Links – March 23, 2018

How Trump has split with his administration on Russian meddling. And now he’s congratulated Vladimir Putin on his electoral “win,” against the advice of his national security staff. Apparently now he is planning to meet Putin, but it’s always hard to know for sure.

The secret Russian military labs that deal with nerve agents. I am seeing a number of contradictory articles with interviews of former Soviet scientists said to have worked on the Novichok agents. The articles contradict each other to some degree. I won’t post them until I can figure out more about which (if any) to believe. Frequently asked questions about the Salisbury poisoning. An article from an expert I feel is reliable.

Long article on Ivan Ilyin, whom Putin likes to quote.

Nice takedown of a fear-mongering New York Times article on hacking and the power grid. I think part of the reason for clickbait articles like that is that too many reporters turn off their brains when confronted with anything that looks like it might involve math.

Why not start the North Korean talks by dealing with nuclear safety?  Jon Wolfsthal suggests that planning for negotiations develop some goals and expectations. This would be an obvious thing that did not need to be said in an alternate universe. The dirty secret of nuclear arms in Korea in the early 1960s. There were over half as many nuclear weapons in South Korea as the US has deployed overall today.

Very cool schematic of the SCL Group, the parent company of Cambridge Analytica. An August 2016 article about SCL and CA. And an article from December 2015.

The Security and Exchange Commission has charged Elizabeth Holmes with massive fraud in Theranos Corporation. Here are her seven biggest lies.

It looks like Israel is trumpeting its 2007 bombing of a nuclear reactor site in Syria to encourage those who would like to believe that the many hardened sites in Iran and North Korea, locations unknown, could be as easily taken out. That’s not true, but look for this to be used as an example by people like John Bolton and Mark Dubowitz. Top photo is of the reactor building before the bombing and after the bombing and site clearing of the debris.

The October 2002 National Intelligence Estimate on Iraq’s weapons of mass destruction. This week is the 15th anniversary of the beginning of the Iraq war. This NIE was part of its justification.

 

Links – February 1, 2018

Cool dinosaur and mammal tracks at NASA. Top photo from here.

The first thing Congress needs to do, when it can get away from the fever dreams of the worst of its members, is to reconstruct the process for passing a budget before the end of the fiscal year.

Americans Are Rising to This Historic Moment. I’m not as convinced as Eliot Cohen, but I think there are positive signs.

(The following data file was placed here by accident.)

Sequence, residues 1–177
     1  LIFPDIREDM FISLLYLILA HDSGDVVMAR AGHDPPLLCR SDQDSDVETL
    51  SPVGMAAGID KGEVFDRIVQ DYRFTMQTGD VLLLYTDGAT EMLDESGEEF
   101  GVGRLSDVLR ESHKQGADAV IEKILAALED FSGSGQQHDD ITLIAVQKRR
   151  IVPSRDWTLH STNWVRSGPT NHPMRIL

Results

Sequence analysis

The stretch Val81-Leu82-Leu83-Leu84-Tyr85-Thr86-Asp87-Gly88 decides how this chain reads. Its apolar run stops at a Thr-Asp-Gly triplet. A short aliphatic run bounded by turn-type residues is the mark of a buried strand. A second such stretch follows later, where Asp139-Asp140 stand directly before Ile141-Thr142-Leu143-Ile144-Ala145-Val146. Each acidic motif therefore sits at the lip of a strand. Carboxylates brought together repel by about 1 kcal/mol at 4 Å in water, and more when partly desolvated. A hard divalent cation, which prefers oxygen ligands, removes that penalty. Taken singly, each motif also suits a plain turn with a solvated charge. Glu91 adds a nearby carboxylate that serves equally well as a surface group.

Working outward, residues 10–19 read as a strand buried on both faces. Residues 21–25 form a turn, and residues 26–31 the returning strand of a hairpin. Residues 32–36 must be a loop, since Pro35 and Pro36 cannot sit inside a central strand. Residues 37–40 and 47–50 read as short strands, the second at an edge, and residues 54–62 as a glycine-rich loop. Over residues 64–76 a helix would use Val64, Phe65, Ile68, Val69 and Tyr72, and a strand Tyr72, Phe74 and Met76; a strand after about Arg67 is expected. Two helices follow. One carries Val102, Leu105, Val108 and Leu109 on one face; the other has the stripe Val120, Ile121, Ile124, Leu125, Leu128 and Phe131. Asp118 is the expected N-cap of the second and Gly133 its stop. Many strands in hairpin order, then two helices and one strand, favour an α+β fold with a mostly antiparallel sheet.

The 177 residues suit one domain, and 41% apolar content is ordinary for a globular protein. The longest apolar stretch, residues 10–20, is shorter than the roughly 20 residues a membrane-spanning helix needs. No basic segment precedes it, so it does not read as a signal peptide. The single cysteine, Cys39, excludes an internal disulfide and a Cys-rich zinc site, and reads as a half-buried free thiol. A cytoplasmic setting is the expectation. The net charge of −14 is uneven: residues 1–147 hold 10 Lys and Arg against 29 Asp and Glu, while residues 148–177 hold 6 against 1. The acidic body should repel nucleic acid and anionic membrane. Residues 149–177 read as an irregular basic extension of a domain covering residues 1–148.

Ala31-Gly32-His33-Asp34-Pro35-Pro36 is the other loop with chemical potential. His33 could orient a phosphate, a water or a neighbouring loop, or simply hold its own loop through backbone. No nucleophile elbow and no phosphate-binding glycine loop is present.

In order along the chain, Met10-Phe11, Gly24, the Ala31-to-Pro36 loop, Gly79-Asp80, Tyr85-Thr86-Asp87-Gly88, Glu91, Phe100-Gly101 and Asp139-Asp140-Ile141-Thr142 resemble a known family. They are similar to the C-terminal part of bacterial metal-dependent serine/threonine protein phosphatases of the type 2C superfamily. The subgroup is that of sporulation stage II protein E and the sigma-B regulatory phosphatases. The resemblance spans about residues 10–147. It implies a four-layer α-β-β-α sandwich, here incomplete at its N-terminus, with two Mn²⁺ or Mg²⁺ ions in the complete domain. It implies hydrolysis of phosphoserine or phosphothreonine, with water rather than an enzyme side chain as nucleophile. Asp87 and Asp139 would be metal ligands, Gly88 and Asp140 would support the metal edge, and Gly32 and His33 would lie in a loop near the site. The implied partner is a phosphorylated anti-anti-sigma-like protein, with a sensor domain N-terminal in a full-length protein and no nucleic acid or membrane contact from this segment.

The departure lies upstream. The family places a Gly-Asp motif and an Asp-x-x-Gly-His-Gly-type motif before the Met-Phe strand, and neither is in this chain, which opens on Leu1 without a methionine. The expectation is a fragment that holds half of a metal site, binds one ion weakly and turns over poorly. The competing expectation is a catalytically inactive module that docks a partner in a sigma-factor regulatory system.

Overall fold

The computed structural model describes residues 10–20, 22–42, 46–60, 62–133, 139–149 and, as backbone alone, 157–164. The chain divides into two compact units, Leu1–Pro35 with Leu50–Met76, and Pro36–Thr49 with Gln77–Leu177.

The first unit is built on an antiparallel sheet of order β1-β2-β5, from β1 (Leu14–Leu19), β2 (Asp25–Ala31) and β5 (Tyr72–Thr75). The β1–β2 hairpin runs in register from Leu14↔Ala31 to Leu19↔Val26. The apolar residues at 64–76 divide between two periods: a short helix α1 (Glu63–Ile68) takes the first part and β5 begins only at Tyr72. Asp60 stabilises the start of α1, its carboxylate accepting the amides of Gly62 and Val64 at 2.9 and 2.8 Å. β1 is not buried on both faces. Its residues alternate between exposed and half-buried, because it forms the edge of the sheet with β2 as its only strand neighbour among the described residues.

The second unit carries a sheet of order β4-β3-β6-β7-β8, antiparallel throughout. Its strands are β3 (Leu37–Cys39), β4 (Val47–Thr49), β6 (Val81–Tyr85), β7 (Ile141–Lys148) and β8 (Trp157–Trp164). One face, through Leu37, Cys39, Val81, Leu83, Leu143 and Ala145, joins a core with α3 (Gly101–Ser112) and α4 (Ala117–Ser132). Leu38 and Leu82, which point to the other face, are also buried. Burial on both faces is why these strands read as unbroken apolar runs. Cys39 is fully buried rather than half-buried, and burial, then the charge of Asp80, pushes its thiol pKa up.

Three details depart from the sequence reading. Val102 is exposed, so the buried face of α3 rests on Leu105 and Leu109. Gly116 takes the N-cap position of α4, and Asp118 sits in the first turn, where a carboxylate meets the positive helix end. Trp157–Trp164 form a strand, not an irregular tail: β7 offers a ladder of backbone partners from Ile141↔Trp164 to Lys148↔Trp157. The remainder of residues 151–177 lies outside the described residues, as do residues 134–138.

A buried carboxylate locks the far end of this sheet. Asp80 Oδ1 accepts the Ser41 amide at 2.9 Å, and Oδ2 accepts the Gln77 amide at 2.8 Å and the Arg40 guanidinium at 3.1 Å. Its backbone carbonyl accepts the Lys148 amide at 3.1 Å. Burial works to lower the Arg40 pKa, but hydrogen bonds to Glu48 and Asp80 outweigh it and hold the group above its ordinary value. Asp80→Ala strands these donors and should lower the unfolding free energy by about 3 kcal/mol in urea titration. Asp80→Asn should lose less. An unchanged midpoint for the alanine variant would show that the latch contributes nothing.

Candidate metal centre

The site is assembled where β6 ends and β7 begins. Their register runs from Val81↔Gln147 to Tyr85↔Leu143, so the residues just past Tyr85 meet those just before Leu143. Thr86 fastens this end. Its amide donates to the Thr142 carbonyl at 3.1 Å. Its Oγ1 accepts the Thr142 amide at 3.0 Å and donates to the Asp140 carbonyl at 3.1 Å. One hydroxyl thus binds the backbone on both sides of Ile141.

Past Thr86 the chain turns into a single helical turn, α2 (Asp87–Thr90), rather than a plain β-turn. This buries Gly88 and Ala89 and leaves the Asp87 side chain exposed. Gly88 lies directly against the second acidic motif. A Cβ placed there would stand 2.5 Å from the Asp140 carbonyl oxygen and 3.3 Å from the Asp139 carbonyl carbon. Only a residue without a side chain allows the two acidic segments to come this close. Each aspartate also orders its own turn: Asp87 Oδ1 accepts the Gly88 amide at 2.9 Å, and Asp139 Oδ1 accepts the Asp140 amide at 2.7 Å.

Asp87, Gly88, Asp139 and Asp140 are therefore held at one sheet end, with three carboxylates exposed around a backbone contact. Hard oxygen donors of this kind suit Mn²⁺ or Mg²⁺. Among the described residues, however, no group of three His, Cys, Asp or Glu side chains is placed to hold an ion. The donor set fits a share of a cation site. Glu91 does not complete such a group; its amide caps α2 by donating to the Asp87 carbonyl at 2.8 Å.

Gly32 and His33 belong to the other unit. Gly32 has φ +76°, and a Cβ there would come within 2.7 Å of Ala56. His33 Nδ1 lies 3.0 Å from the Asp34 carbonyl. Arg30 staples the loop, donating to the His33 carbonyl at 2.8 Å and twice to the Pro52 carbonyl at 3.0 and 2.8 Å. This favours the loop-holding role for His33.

Heather Cox Richardson on creeping authoritarianism.

Five Questions the Nunes Memo Better Answer. What is at stake – the grand bargain with the intelligence community. And why aren’t we hearing more from the intelligence community?

Is the Trump foreign policy great-power competition or America First? It depends on whom you ask.

Zeynep Tukfeci on the latest data privacy debacle. It’s not enough to ask individuals for their permission.

Leaks, feasts and sex parties: How ‘Fat Leonard’ infiltrated the Navy’s floating headquarters in Asia. There are simple ways to avoid this kind of corruption. We need to know why the Navy didn’t apply them.

Victor Cha: Giving North Korea a ‘bloody nose’ carries a huge risk to Americans. Cha was to be US ambassador to South Korea, but apparently the ideas expressed in this op-ed were felt to be disqualifying.

This is definitive, if you have friends who are still pushing the Sy Hersh narrative about nerve agents in Syria. It was the Syrian government who were responsible for the sarin attacks.

 

Links – January 13, 2018

For this Martin Luther King weekend, memories of Mississippi in the 1960s. Top photo: The author, Danny Lyon, outside the Student Nonviolent Coordinating Committee headquarters, 1962.

The 100-year capitalist experiment that keeps Appalachia poor, sick, and stuck on coal. This article should be reprinted and quoted everywhere.

Inter-Korean talks are more than just “a good thing”. The myth of a limited strike on North Korea – worse than dumb.

Speaking loudly and carrying a little stick – the myopic US debate on Iran. Why regime change in Iran wouldn’t work.

Do-it-yourself drones attack a Russian airbase in Syria.

This is the best summary I’ve seen of the Steele dossier recently.

Would 90 Percent of Americans Really Die from an EMP Attack? NO!

 

Syria Links – April 7, 2017

Remarks by Secretary of State Rex Tillerson and National Security Advisor H. R. McMasters.

After the strikes, diplomacy is necessary – Anthony Blinken.

Striking at Assad carries opportunities and risks for Trump – David Sanger.

What effect will Trump’s airstrikes really have? – Daniel Byman.

Trump’s attack on Syria – the good, the bad, and the ugly – Ryan Evans.

The issues that make dealing with the mess in Syria so difficult – Robert Farley.

Explaining nerve agents – Dan Kaszeta. More about the institutional means necessary for them – Kelsey Atherton.

Transcript of Trump’s statement and video. I found Trump’s invocation of God, the word used three times in the speech, strange. He also asked us to pray for the souls of the dead and for God to bless the whole world. I’ve never been comfortable with presidents invoking God’s blessing on the United States, and this is more presumptuous, both to whatever God Trump believes in and to the beliefs of the rest of the world. Praying for the dead is a mostly Catholic practice, even narrower than asking for God’s blessing.

This is an oldie-but-goodie article on the idea that macho posturing in the international arena confers “credibility”, which serves to deter bad actors. It doesn’t.

Will add more articles below the jump as they appear. Read More